The RSI reading measures the overbought and oversold condition of stock prices. A reading over 70 would indicate a potential overbought condition, while a reading below 30 would indicate a potential oversold condition. Though it has come down in measurement, the RSI is still over 75 on both the 1-year and the 3-year chart. Even a simple chartist could agree that this stock needs to correct, regardless of what the RSI reads.

You'll also notice the volume is down a lot. For a solid 10-days or so, volume was much higher than the average 45 million share 3-month average that Ford had. I think a pullback to the $12.50 price area would be most appropriate, where it will likely find support from the 20-day sma. It is healthiest for the bulls if this happens, as an out of control stock price is never good -- just look at Apple (AAPL).

I think Ford has definitely caught up to fair value, especially over the past few months where we've seen the stock price increase by over 33%. Still, while the gains are nice, pullbacks are necessary and Ford is no exception. Price obviously isn't the only thing that matters, but valuation too! Many investors use a simple equation called the P/E ratio to determine if a stock is expensive or cheap, based on earnings. Well, when you go to Ford's stock page on Seeking Alpha, or anywhere else for that matter, you'll likely see a P/E ratio reading of around 3.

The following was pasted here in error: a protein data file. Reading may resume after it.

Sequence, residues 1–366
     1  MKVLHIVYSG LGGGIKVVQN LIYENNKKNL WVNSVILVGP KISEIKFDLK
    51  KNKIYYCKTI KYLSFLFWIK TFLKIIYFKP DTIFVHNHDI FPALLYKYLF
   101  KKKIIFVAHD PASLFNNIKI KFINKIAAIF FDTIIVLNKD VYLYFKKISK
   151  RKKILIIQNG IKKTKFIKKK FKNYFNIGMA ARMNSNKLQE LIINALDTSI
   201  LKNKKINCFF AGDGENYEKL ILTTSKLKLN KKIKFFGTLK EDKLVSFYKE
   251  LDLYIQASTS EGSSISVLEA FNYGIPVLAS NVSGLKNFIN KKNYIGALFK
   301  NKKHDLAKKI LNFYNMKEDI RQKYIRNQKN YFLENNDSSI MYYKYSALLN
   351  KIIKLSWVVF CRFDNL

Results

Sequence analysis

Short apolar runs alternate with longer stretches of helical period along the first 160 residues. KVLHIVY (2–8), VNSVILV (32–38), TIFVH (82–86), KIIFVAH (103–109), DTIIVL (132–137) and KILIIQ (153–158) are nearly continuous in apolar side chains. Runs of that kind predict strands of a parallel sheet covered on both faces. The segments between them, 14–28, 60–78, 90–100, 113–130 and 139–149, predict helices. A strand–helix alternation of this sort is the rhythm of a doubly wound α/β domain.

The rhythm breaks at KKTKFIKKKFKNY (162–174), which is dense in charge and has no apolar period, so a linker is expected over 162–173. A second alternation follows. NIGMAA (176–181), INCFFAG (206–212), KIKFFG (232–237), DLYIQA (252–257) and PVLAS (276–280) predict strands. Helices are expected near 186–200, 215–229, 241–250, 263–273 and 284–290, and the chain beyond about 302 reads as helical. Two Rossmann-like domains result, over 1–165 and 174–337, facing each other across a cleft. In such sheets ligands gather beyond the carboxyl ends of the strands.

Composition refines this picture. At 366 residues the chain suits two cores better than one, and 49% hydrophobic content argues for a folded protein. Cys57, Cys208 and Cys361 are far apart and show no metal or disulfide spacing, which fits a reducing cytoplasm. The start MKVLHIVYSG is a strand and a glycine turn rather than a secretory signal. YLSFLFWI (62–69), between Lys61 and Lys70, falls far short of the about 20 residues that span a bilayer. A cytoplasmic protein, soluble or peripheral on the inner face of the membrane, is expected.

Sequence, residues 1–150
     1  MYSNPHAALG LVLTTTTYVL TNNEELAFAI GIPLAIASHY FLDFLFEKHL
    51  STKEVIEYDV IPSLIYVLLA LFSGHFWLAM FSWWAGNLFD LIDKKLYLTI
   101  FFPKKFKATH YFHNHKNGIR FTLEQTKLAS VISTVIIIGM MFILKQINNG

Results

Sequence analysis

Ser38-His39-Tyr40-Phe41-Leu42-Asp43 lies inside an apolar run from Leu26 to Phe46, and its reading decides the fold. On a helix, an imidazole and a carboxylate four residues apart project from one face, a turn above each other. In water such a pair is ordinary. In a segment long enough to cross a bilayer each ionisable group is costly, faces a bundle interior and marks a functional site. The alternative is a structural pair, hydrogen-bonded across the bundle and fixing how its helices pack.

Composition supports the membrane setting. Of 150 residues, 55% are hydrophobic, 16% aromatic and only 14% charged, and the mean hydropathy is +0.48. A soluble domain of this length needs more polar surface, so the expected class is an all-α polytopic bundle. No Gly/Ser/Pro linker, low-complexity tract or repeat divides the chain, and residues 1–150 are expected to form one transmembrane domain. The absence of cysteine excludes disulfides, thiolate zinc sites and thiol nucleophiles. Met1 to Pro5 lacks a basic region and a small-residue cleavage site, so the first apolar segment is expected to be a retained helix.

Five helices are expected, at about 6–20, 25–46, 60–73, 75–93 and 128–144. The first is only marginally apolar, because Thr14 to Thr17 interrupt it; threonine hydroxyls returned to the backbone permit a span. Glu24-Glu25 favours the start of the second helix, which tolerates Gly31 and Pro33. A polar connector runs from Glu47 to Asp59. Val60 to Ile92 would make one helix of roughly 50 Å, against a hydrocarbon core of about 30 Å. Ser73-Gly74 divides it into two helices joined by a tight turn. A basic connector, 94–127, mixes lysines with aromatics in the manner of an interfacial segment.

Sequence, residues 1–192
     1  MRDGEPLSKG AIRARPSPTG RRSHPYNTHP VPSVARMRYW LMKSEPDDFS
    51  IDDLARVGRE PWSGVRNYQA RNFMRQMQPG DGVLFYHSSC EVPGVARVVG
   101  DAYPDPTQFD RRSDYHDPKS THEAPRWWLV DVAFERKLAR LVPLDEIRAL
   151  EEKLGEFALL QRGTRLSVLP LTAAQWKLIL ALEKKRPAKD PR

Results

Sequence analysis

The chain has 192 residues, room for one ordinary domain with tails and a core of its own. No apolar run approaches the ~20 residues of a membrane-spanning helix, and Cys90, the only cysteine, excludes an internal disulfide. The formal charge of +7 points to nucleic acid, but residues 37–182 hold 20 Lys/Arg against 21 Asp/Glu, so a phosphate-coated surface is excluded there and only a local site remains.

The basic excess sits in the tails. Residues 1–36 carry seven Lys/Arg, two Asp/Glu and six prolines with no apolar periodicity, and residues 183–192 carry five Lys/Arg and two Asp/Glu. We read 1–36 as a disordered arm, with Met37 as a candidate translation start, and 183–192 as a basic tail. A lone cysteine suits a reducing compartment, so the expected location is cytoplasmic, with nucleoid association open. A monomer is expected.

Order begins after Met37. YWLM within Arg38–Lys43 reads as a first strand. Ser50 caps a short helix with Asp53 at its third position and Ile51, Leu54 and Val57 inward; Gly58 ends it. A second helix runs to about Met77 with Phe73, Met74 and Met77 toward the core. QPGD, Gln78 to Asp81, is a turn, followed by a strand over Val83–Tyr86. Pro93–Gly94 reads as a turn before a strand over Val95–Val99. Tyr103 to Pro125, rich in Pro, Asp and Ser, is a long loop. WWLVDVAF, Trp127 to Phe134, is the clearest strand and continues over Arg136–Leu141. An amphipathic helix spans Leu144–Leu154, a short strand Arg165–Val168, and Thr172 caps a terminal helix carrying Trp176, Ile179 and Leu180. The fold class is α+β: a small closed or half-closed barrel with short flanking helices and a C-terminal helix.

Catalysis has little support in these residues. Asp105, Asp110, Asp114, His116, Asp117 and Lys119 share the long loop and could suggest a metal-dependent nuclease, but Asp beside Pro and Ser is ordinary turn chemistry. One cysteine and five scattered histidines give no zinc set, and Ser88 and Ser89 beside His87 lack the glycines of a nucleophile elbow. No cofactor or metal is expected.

"Only a 3?" Surely there's something wrong with that, right? Well, yes and no. Ford did some things with its taxes that allowed it to bring tax losses back as profit, thus showing a profit of $4.42/share for the trailing twelve months. A deeper breakdown of the current valuation can be found in this analysis.

For 2012, the P/E ratio is a 9.9, relatively low. We achieved this number by taking Ford's share price of $13.35 -- again, as of Monday's closing price -- and dividing it by the estimated EPS, or earnings per shares for 2012, which is $1.34. Official numbers will be announced January 22, when Ford reports its 4Q results. For 2013, Ford trades with a P/E ratio of 9.

Of course, these valuations could be discounting Ford quite a bit, depending on if it can increase profits at a higher rate than expected. There's one wild card however, and I think it has had an effect on Ford's share price for most of 2012: Europe.

European operations have been hemorrhaging money for Ford amidst the economic downturn. With such low demand, Ford has been overproducing and is left with too many vehicles. Things were bad when investors found out Ford expected to lose around $1 billion in 2012 in the European segment, but got even worse when they found out that figure actually increased 50%, up to $1.5 billion.